By Abel Folgar
By Lee Zimmerman
By David Rolland
By Lee Zimmerman
By Alex Rendon
By Liz Tracy
By Jose D. Duran
By Kat Bein
About two years ago, Jason Tyler lost everything in a Chicago house fire that was started accidentally by a superstar DJ and good friend. Then he spent a couple of semihomeless weeks in New York writing and recording an entire album with nothing more than a laptop that he carried in a backpack. Finally, he landed in a swanky South Beach pad, where he's managed to write yet another album's worth of material.
On a recent sunny afternoon, sitting in a swivel chair next to the home studio he keeps in his immaculate, Spartan bedroom, the DJ/producer seems pretty chilled out while contemplating it all. In fact Tyler's affable, low-key vibe seems to rub off — hanging with him is a little like being in the presence of some electro Buddha. Well, a Buddha that's actually trim and a snappy dresser, rocking a fierce pair of thick-framed white D&G glasses.
"Man, when you have a house fire, you see what's important and who's really down for you," he says after a sip of canned Heineken. "Like now, I don't try to fill my life with a lot of clutter. I think a lot better when things are more minimal."
Besides "simplify," Tyler's other main mantra has been: "Follow your dreams, no matter what." It's the theme of his debut studio CD, Model Tested, Rockstar Approved, a 14-track loose concept album of scorching, bugged-out electro-house bangers with nary a sample among them. It's driven by the steady work ethic that's carried him since the fateful day he returned to his Chicago apartment from a weekend of gigging in Detroit to find it practically nonexistent.
"[DJ] Keoki was leaving New York and wanted to stay with me," Tyler recalls. "So I let him... for three or four months. We were doing a ten- or 15-city tour, and we went to Detroit for the weekend. And when we came back, the house was being boarded up and there were firemen everywhere... You know how we have these cinder blocks here?" He motions to a stack of them neatly propping up his computer desk. "Well, he had even higher ones for turntables. You know how Mac laptops have those little tiny thin cords? He accidentally had one under one of the cinder blocks, and that actually sparked the fire."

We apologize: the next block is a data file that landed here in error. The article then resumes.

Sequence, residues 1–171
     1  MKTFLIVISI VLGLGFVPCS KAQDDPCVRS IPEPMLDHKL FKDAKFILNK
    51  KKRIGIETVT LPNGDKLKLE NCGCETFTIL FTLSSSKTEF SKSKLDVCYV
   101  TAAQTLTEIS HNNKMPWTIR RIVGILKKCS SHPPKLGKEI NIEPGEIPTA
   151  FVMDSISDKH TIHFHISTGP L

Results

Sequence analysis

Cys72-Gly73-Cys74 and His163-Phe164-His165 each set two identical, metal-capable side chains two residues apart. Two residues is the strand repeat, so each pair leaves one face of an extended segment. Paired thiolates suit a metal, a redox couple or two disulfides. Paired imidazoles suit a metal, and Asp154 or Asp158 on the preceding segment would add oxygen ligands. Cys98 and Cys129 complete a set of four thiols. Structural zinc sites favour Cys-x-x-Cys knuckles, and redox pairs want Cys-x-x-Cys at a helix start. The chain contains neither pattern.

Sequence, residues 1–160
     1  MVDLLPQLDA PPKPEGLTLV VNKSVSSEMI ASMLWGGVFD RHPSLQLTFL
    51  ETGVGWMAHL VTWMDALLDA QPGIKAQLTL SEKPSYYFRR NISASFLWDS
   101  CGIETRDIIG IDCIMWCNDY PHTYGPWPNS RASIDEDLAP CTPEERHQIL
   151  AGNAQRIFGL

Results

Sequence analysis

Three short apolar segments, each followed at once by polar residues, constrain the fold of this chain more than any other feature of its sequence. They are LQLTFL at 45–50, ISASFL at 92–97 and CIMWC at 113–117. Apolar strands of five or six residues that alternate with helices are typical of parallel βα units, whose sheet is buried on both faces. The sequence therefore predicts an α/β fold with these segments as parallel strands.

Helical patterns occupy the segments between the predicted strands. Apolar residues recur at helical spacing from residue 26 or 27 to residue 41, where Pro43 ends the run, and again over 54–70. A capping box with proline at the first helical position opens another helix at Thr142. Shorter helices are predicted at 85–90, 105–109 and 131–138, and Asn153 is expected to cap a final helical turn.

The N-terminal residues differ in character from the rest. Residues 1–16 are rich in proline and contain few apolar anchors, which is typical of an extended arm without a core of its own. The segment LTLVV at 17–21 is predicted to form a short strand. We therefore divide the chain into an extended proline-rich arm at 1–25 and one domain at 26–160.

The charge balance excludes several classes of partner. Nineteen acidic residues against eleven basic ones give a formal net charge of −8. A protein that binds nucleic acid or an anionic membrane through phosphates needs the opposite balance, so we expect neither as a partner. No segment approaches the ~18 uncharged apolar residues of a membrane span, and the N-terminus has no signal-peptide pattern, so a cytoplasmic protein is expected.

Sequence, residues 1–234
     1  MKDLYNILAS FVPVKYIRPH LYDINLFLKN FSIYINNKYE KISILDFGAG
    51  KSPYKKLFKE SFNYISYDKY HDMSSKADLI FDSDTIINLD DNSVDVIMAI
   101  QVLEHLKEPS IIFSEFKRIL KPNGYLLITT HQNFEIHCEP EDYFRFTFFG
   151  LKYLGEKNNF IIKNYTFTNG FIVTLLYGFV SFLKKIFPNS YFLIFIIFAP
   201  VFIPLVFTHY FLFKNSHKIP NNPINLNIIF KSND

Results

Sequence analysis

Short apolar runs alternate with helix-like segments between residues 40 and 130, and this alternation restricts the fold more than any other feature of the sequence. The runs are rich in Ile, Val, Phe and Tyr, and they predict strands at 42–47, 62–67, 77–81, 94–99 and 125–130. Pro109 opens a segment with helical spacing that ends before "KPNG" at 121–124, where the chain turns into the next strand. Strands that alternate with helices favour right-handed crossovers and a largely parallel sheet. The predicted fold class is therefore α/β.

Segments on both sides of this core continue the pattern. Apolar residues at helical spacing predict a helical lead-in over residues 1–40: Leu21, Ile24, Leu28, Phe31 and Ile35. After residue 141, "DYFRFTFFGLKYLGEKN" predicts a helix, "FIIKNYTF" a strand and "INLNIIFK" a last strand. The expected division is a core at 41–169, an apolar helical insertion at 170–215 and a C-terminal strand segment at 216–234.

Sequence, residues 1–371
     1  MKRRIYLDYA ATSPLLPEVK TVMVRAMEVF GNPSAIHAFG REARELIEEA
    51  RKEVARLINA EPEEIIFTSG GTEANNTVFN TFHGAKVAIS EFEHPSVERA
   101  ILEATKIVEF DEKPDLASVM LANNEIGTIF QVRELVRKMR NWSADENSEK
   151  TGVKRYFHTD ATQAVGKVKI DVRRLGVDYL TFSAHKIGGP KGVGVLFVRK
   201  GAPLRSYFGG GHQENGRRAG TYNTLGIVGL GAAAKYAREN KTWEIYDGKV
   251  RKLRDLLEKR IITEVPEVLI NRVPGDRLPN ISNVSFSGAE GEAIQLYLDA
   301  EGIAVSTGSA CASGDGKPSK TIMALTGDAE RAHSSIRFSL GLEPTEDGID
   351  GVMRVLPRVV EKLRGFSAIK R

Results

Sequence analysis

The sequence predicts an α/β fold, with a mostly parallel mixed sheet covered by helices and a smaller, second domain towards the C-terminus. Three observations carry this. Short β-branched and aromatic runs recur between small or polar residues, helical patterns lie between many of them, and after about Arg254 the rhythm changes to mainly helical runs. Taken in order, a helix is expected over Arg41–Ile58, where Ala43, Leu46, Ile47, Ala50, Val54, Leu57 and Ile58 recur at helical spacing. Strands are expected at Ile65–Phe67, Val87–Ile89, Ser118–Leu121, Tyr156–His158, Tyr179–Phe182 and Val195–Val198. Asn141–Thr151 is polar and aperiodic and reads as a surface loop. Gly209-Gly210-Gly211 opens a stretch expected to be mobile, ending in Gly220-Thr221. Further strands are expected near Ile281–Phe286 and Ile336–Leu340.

Tyler had no renter's insurance, so he took Keoki's accidentally burning down his house as an opportunity for a tabula rasa. "I was like, 'Skip it; I'll just move to New York.' "
It was a major move. Tyler had been born outside of Fort Wayne, Indiana, to an American mother and a Honduran father. (Tyler is his middle name; Torres is actually his last.) It was following the rural raves of the '90s, in the triangle of Fort Wayne, Detroit, and Chicago, that he had found himself sucked into the search for the perfect beat.
"The first time I ever heard [house], I loved it," Tyler says. "It was just so opposite from, like, the classical or jazz worlds I was studying, 100 percent. And I actually met [Chicago house legend] Paul Johnson at a party in Ohio, maybe Cleveland, and he was like, 'Oh, you play trumpet! You should come to Chicago and work on some music.' At the time, I was trying to do some little parties in Indiana. So if I was going to Chicago, I thought, well, I could throw parties there too."
His first warehouse party promotion, after he split from the university, was attended by more than 3,000 people, and his new musical career was off and running. "Everything kind of happened simultaneously," he says. "I did the parties, and then I'd also play; I'd close all my own events." He started teaching himself production on drum machines, an MPC-2000 sampler, and keyboards. He released singles on France's G-Swing Records and, domestically, on Dust Tracks, the onetime home of electro-rock pioneer Tommie Sunshine.
And always, there was the trumpet. Tyler played it live over his sets, improvising as the mood struck him. Soon, other DJs were asking him to do the same at their gigs — Mark Farina, Timo Maas, Cajmere/Green Velvet, Fast Eddie, Miguel Migs. He recorded for not only Paul Johnson but also Derrick Carter, Gene Farris, and Glenn Underground, among others.
By the time of the fire, Tyler was a deeply established artist in the Chicago house scene. But he was never totally down with its insularity — the way it's fiercely protective of its storied traditions and averse to deviations.
"Even when I was making house, it was unconventional house back then," he explains. "I think it didn't really fit into the deep house category [or] disco house... [but] you know, when I'm working on stuff, I don't like to label it."
So with the escape to New York came an opportunity for something of a musical 180. This is when Tyler decided to start working on what would become Model Tested, Rockstar Approved.
"It was definitely not easy when I was making that album," he says. "But it put things in perspective for me."